The Corner

Why Won’t Romney Talk More about Libya?

Politico reports that there’s dissent in the Romney campaign over whether Mitt Romney should highlight the terrorist attack in Libya or stay exclusively focused on his economic message:

And indeed, POLITICO has learned that Romney now plans a major speech on foreign policy at some point after Wednesday’s debate, probably next week. The speech will focus on “a failed foreign policy and how we arrived at this moment, where people are storming our embassies, [and] the Iranians are storming ahead with their nuclear program,” said a senior Republican close to the campaign.

But the campaign is sticking with its day-to-day message on the economy — a view promoted internally by Stuart Stevens, the chief strategist, who is among those arguing that issue is what voters will use to judge whether Obama deserves a second term. “As messy as the world looks, it’s not voters’ primary concern,” a top aide said. “And if we’re not talking about their primary concern, we’re not winning.”

So instead of having Romney lead the charge against Obama on Libya, the campaign plans to let Congress take care of it:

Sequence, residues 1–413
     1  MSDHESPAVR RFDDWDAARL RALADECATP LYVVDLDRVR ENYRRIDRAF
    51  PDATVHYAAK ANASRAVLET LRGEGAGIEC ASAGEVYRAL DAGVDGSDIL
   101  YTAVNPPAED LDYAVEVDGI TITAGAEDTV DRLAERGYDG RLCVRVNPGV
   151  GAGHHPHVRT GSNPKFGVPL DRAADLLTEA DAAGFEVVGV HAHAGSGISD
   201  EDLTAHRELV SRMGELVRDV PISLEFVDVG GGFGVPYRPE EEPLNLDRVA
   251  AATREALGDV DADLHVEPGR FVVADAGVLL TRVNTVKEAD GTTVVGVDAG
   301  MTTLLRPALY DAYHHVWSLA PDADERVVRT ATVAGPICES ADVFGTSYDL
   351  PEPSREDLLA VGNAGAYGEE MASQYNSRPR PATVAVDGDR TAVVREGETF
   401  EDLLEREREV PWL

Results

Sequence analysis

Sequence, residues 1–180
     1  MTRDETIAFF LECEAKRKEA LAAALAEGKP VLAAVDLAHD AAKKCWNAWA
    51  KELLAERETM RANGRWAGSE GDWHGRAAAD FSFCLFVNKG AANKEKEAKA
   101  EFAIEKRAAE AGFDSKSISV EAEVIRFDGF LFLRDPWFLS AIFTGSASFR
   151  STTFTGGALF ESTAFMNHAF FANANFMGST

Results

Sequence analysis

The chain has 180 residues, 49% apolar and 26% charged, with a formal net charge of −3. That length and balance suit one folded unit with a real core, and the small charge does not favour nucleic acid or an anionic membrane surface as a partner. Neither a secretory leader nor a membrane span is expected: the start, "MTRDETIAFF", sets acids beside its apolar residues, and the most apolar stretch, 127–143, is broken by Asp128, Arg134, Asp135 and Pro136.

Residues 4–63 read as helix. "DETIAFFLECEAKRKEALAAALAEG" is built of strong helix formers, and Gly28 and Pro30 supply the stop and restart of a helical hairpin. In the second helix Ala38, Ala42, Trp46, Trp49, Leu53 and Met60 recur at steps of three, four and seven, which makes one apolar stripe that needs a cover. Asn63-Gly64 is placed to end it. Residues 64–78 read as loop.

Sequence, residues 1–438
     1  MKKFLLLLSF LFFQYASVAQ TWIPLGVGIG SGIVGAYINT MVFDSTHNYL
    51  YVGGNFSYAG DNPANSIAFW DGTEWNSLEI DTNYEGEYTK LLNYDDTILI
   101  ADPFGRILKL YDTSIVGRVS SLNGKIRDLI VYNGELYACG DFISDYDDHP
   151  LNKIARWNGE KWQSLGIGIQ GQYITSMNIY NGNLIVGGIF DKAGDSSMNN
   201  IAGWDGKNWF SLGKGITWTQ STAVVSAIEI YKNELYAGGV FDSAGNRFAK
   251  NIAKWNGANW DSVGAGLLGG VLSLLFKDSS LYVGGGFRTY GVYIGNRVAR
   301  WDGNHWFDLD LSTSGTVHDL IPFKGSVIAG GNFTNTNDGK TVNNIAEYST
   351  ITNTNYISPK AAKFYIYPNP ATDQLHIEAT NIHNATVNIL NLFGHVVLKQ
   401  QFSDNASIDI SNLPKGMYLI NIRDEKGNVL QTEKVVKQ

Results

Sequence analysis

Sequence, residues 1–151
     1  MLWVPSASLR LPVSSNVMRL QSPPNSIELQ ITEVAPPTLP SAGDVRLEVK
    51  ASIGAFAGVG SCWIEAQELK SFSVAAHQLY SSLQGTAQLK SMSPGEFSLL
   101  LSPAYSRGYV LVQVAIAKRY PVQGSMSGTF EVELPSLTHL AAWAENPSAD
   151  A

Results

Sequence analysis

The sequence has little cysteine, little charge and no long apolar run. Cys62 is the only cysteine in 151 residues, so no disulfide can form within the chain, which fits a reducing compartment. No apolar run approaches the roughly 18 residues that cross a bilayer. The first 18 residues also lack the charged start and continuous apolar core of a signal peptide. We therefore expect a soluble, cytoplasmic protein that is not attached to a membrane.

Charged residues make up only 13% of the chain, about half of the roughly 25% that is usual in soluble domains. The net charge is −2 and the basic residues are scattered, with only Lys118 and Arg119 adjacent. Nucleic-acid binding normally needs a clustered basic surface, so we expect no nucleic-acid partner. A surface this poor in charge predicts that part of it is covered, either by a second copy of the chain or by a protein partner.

Instead, the Republican ticket will leave calls for an investigation to Capitol Hill, where both Republicans and Democrats have complained about the briefings they have received. “Let Congress do it: It’s a bipartisan thing, and that’s a better place for us to be,” a Romney adviser said.

The killings in Libya represent a serious threat to Obama’s credibility and his argument of cool competence in battling terrorism over the past three-plus years. Obama and his aides, after initially blaming an anti-Muslim film produced in the United States for inciting the violence, has gradually conceded it was the result of organized and premeditated terrorism.

Romney did have an insipid op-ed in the Wall Street Journal today about foreign policy, but he said next to nothing about the terrorist attack in Libya.

Meanwhile, American Crossroads has a new web video criticizing Obama for campaigning in Vegas after the attacks:

Katrina TrinkoKatrina Trinko is a political reporter for National Review. Trinko is also a member of USA TODAY’S Board of Contributors, and her work has been published in various media outlets ...


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